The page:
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Home / Technology / Apple needs Netflix and HBO more than they need – The Motley Fool

Apple needs Netflix and HBO more than they need – The Motley Fool



Apple (NASDAQ: AAPL) is reportedly preparing to launch a few new services next month. The company is expected to launch a subscriptions subscription service based on Texture's acquisition last year. It will also launch a streaming video aggregation service anchored in $ 1 billion in original content.

But Apple has taken the lead with some well-known media companies when it comes to their revenue share. Apple wants to retain 50% of revenue from its news subscription service, as described in The Wall Street Journal . Meanwhile, Apple is reported to receive 30% of the video revenue for subscriptions to its video service.

Not surprisingly, companies are struggling with these fees, which are higher than Apple's usual fees. Netflix (NASDAQ: NFLX) eliminated the ability to subscribe to its service in the app due to the fees charged by Apple. To think that it would pay a higher fee if Apple still has more access to its viewer data makes no sense.

  Apple's TV app on iPhone and iPad.

Apple's TV app on iPhone and iPad. Image Source: Apple

Apple Must Consider a Strategy for a Loss Leader

If Apple wishes to make its content aggregation services a success, it should consider using services such as Netflix or AT & T offer for free. Owned (NYSE: T) HBO Now. Both services are so popular that subscriptions revenue is low, but the ability to introduce customers to Apple's new service could be great.

According to a Parks Associates survey, 36% of households subscribe to two or more streaming video services. By offering subscribers a convenient way to view all their paid content in an app, Apple should attract many viewers to their platform. This gives Apple the opportunity to sell additional subscriptions to lesser-known services related to more popular channels such as HBO or Netflix.

Apple will find it much harder to persuade consumers to change their behavior otherwise. Sure, they spend a lot of their own content attracting viewers, but that does not necessarily make it a hub for video entertainment.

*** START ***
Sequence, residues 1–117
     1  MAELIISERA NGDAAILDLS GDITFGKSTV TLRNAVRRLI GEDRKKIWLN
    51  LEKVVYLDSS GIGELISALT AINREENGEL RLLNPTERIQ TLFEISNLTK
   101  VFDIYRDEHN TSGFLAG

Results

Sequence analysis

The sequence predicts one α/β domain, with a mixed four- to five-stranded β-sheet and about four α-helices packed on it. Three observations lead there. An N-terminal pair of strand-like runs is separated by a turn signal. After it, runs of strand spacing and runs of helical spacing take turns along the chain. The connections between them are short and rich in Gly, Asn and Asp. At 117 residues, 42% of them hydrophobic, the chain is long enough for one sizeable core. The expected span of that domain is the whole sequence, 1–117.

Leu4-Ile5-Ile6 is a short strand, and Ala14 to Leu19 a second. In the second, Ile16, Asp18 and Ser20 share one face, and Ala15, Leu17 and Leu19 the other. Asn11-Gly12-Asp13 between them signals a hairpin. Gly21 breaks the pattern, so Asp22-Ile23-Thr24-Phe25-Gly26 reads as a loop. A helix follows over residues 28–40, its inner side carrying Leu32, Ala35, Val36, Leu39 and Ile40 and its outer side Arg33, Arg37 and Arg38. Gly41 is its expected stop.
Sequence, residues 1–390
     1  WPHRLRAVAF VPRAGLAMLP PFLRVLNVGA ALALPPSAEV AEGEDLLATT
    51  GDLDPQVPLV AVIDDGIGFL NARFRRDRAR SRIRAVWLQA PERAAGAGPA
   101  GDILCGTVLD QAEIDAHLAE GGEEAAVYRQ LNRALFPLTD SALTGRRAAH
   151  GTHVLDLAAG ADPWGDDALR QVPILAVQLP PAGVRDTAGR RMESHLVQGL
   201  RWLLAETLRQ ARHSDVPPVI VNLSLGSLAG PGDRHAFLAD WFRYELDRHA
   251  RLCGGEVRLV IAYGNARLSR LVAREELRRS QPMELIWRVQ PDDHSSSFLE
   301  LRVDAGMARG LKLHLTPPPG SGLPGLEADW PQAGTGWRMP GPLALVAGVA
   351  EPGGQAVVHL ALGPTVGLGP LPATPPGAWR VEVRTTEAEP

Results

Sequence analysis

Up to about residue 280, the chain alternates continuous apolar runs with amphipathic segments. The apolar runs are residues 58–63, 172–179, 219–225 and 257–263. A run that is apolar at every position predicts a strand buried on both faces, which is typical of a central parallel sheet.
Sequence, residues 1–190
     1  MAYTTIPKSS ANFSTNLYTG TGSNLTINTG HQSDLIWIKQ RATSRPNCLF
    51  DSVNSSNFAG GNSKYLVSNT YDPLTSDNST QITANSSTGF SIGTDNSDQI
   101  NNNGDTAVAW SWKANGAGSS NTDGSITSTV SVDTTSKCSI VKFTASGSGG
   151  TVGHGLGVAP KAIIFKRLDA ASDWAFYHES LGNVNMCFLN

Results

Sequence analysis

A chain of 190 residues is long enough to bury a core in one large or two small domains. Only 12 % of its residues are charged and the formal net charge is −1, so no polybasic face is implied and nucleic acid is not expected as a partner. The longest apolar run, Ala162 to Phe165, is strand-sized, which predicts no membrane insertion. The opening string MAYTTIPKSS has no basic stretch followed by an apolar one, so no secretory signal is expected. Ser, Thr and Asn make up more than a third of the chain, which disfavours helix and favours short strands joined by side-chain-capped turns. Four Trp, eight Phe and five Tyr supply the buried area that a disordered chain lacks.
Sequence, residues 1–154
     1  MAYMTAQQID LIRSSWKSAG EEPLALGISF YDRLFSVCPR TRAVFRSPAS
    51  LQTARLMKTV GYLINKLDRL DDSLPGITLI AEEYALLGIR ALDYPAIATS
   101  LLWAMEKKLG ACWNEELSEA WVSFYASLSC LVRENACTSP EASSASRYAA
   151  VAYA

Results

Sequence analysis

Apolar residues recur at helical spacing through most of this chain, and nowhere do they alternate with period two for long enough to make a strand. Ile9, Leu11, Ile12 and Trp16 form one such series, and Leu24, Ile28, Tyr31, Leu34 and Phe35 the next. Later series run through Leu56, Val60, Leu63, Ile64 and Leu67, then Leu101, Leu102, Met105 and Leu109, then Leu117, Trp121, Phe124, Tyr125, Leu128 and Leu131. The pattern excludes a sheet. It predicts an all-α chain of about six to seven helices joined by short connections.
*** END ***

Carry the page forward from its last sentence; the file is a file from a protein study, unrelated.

It's not clear how Apple wants to split Apple's subscription service revenue. If the formula weights the contents of Entertainment Weekly with the same value as the detailed coverage of The Wall Street Journal or The New York Times It's easy to see how the latter two could get excited. The Wall Street Journal charges up to $ 39 a month for a subscription, while EW costs less than $ 2 a month.

Apple does not really prevail [19659009] What Apple offers media companies like Netflix, HBO, The Wall Street Journal and the New York Times has access to its 1.4 billion active devices – 900 million of which are iPhone users. However, these larger companies do not need direct access to Apple's audience.

Netflix spent over $ 2 billion on marketing last year. Everyone knows Netflix and its hundreds of originals. HBO led the world in Emmy nominations for 17 years before Netflix peaked this year. It would be difficult for you to find a news reader that was never considered The New York Times or The Wall Street Journal .

It's about whether consumers want to find quality content they can find the above companies with or without Apple's help. Apple only values ​​smaller media companies that can focus on smaller niches or do not have the marketing budgets to reach their full potential audience. Here, value can be gained.

Apple must stop worrying about the margins of its services and negotiate special terms with the leaders of subscription videos and news to bring them on board with its services. It will be challenging to win customers without these offers, even though all 900 million iPhone users will instantly gain access to $ 1 billion in content. A smaller margin of a larger business is much more valuable than a large margin of a small business.

Adam Levy owns shares of Apple. The Motley Fool owns stocks of and recommends Apple and Netflix. The Motley Fool has the following options: long January 2020 calls of $ 150 at Apple and short January 2020 – $ 155 calls to Apple. The Motley Fool has a disclosure policy.


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